I have piles of stuff stacked all over my kitchen. My no-longer-fourth-grade-and-not-quite-fifth-grade daughter brought it all home yesterday. It's hard to know where to begin.
Of course, some of it should stay. Some of it is plain ol' trash. It is important to go about this process methodically, putting the "to keep" stuff in the right place and the "to throw" stuff in the trash.
It seems as though I have been doing this for four years - five actually. The process of conversion began a full year before I entered the Catholic Church.
But, initial conversion really is about sorting. We get to keep everything that is good. We simply have to find the right place for it. The Catechism is an essential guidebook for this. It's a little like having mom right there to help know what should stay and what should go and how to shelve the stuff that stays.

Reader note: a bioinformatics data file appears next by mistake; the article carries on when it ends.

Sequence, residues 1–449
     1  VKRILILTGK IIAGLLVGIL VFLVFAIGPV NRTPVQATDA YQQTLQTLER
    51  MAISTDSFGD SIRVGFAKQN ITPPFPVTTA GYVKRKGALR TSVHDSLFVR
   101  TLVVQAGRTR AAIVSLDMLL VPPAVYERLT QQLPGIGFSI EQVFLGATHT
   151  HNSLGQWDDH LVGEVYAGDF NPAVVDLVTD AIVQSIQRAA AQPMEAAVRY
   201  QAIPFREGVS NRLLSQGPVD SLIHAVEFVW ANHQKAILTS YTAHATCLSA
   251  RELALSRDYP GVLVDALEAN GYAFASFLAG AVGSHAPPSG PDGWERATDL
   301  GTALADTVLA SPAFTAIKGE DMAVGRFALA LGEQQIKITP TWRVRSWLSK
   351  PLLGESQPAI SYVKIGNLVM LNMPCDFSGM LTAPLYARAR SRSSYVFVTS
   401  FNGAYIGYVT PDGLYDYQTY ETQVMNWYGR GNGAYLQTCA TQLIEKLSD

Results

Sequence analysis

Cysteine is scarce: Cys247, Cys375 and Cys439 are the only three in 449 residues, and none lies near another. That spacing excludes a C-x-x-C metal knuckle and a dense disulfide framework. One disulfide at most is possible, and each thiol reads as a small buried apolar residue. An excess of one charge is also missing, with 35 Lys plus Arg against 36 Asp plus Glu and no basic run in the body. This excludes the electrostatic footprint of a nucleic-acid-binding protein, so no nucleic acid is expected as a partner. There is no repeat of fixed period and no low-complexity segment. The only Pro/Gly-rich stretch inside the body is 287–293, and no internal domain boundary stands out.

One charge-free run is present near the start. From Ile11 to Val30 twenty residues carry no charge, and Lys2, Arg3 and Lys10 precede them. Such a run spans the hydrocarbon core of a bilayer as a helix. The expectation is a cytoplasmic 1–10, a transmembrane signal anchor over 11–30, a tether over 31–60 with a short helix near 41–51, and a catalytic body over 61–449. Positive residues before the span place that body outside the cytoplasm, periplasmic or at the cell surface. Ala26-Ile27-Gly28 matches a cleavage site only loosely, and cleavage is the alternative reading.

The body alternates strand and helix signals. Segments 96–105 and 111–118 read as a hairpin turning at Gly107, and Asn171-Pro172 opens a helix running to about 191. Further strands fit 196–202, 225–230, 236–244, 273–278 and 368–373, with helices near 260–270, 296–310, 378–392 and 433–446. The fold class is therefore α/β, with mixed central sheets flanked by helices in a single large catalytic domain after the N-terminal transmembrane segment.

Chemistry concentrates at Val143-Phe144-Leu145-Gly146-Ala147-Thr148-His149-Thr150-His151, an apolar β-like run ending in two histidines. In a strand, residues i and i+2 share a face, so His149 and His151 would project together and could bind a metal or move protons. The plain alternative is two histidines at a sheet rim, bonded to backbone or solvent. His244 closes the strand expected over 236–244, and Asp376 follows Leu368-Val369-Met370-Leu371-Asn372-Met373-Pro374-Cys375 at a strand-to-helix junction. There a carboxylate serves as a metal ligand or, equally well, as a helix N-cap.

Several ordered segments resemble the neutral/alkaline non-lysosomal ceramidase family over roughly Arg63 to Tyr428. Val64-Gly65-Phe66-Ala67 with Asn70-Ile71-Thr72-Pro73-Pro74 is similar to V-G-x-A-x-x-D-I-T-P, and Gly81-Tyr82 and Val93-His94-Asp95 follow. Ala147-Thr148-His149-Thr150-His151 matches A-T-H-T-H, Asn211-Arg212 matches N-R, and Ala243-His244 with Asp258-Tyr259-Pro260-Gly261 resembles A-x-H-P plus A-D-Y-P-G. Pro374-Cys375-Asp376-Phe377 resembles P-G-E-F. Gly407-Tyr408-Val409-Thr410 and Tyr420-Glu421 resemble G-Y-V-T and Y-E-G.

The good news for converts (and kids just out of school) is this: Only the trash gets put in the trash. For the converts, it's the stuff they don't really need anyway, the stuff that caused division and discord. Misinformation about Mary. Misunderstandings about the Communion of Saints. Confusion about sanctification and salvation.
But even with these things, the good and true parts are retained. Only the aversion, repulsion, and sketchy biases are purged.
The good stuff - we keep. And we even find wonderful places to display these things we have always treasured. The Holy Trinity has a place of honor, where we can see it and fully appreciate it. There is a perfect place for the truth about how we are saved by grace (yes, Catholics believe this). There is a well-lit pedestal for the great truths of the faith, things we have always loved and treasured. So much to keep. And getting rid of the debris, well, that is key to a proper appreciation for the stuff that really is worth keeping.
If you are in this wonderful yet confusing spot, my prayers are with you. Be encouraged, this process is worth every minute you give to it. Blessings!